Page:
The problem with volatile organic compounds or VOCs is exuberantly simple.
Those dealing with it every day don’t know they’re inhaling poison every day.
And the best part: many businesses that produce these harmful compounds don’t yet have dust collector booths to discourage its deterrent health effects.
So, if you’ve been thinking for some time now that you should not smell noxious odors in your workplace, then you’re right all along. To support your case, here’s everything you must know about VOCs and the bad news it brings.
A Gaseous Every Day Chemical Pollutant
VOCs come from working with certain liquid or solid materials. But, while the definition states only certain liquid or solid materials, you’re actually already affected whether you like it or not. According to the US Environmental Protection Agency (EPA), VOCs are so persistent in the society today that you simply can’t avoid it completely. “Paints, varnishes; and wax all contain organic solvents, as do many cleaning, disinfecting, cosmetic, degreasing, and hobby products. Fuels are made up of organic chemicals. All of these products can release organic compounds while you are using them, and, to some degree, when they are stored.”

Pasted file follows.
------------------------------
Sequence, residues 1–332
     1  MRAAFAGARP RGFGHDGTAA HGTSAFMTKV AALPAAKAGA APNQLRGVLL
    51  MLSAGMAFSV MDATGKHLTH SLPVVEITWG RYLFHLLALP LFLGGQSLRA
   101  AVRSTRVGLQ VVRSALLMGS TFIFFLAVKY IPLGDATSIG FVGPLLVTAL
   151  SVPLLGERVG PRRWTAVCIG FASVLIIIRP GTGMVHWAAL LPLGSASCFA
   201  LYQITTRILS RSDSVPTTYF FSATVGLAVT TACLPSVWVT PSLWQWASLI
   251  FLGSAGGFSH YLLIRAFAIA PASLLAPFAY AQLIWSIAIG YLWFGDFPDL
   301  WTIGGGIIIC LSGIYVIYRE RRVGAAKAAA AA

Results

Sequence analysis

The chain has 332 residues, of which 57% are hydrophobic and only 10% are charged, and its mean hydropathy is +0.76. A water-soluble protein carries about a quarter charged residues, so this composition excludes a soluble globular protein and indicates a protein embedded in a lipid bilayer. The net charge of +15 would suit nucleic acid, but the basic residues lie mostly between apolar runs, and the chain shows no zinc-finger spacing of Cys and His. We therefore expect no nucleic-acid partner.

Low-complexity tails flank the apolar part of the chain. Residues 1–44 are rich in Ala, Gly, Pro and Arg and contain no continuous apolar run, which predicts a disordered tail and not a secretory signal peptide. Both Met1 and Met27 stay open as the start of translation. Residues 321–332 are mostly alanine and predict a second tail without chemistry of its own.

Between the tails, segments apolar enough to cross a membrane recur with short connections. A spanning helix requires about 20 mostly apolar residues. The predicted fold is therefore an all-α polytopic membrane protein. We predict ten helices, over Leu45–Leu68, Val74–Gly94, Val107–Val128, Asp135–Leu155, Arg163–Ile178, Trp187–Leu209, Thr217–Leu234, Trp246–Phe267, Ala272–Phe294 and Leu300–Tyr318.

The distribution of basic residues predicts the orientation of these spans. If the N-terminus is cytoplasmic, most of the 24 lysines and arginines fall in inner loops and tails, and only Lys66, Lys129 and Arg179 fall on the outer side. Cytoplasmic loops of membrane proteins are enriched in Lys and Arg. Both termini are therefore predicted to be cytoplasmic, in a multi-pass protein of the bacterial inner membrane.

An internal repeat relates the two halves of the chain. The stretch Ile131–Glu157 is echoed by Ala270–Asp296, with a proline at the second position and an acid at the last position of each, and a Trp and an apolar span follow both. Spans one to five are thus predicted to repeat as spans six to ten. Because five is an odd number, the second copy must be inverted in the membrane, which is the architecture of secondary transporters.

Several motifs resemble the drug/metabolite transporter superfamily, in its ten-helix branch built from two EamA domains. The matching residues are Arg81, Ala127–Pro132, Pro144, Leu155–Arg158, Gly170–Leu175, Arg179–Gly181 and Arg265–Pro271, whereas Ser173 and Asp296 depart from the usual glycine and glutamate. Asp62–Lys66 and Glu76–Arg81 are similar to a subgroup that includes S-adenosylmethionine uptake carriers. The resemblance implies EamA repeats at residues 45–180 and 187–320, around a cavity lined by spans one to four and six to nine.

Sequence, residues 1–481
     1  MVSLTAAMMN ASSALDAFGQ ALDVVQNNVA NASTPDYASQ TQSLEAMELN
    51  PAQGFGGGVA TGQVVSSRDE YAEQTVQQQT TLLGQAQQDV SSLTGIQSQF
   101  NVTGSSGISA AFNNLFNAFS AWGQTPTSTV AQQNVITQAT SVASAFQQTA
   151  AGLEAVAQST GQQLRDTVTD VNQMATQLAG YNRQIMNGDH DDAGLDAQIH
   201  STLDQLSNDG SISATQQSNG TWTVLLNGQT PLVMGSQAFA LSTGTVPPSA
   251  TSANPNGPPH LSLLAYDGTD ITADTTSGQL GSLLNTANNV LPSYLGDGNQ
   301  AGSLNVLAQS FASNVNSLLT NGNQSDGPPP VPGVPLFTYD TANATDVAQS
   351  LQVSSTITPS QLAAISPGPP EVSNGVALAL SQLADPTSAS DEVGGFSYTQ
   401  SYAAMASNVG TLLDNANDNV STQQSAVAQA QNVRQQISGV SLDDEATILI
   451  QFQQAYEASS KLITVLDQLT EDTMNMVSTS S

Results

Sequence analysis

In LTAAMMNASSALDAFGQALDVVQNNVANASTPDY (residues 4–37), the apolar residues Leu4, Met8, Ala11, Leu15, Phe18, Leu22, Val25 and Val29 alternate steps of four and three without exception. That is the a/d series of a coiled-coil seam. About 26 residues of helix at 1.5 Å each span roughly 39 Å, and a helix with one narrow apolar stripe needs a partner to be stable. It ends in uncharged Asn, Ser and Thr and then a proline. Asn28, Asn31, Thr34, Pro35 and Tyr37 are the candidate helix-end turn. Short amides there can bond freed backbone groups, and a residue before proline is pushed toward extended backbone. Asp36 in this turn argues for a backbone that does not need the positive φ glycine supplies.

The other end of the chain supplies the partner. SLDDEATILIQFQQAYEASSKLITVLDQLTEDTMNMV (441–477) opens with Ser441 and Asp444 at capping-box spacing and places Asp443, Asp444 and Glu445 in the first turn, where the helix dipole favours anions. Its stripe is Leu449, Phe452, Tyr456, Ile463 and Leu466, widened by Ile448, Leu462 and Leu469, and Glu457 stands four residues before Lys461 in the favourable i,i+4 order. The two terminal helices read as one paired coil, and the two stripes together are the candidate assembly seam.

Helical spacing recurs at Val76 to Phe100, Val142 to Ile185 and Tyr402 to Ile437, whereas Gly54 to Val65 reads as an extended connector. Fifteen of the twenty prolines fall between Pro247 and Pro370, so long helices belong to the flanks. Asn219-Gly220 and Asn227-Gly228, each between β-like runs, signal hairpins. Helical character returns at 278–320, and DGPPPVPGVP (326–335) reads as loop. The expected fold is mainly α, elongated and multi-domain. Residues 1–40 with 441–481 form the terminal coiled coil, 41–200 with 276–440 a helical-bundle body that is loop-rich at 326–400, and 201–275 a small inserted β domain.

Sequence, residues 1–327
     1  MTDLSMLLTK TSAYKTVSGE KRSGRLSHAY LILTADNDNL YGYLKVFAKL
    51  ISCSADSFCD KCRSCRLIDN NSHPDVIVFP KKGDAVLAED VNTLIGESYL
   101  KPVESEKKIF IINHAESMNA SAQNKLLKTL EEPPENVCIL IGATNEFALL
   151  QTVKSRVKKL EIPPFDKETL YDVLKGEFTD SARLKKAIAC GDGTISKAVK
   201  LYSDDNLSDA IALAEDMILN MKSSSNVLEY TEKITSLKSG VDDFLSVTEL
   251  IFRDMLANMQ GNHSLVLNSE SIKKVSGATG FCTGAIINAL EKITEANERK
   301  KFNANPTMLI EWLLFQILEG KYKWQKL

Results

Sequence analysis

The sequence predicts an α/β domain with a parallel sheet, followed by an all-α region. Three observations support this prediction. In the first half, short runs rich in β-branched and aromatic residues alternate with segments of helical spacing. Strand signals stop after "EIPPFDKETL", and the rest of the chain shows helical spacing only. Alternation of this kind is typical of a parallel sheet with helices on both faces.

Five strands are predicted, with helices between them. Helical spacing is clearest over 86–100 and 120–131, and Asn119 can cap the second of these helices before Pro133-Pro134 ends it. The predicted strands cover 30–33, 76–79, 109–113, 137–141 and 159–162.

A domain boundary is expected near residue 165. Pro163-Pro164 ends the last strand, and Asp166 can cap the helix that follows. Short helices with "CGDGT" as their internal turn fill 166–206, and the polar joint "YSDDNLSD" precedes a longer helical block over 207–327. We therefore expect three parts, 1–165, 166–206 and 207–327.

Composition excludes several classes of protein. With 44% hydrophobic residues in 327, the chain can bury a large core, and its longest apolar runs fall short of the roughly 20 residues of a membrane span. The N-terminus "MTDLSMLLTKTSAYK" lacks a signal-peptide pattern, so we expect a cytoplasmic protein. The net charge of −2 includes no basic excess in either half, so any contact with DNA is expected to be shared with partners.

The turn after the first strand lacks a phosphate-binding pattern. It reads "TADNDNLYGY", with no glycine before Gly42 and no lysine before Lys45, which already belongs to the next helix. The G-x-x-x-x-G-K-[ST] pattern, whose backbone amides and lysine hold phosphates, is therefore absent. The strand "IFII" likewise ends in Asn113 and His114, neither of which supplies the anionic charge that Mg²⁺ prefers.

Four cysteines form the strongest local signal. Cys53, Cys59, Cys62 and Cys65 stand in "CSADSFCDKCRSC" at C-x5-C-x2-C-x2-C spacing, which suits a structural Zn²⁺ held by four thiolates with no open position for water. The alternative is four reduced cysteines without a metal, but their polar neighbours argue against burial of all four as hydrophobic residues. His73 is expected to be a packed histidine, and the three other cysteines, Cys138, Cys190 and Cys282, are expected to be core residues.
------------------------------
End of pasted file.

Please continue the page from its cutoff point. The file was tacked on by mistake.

Deadly, Invisible, and Untraceable
Harmful gas compounds are everywhere, but if you think there are higher concentrations on roads and commonly polluted areas, then you’re one step behind. Based on the EPA’s assessment study on harmful levels of pollutants, homes and workplaces have 2 to 5 times VOCs concentrations. Mainly, products that promote these chemical compounds include:
- Paints, paint strippers and other solvents
- Wood preservatives
- Moth repellents and air fresheners
- Stored fuels and automotive products
- Hobby supplies
- Dry-cleaned clothing
- Building materials and furnishings
- Office equipment such as copiers and printers, correction fluids and carbonless copy paper
- Graphics and craft materials including glues and adhesives, permanent markers and photographic solutions.
Exposure to VOCs does more than just aggravating certain reactions. Depending on the length of exposure and concentration of the chemical in an area, it may cause loss of coordination, nervous system damage, and cancer.
For this reason, preventing contact with VOCs is your only choice. You can do this by wearing a mask for light exposure and incorporating dust/fume collector booth systems in the workplace and the home.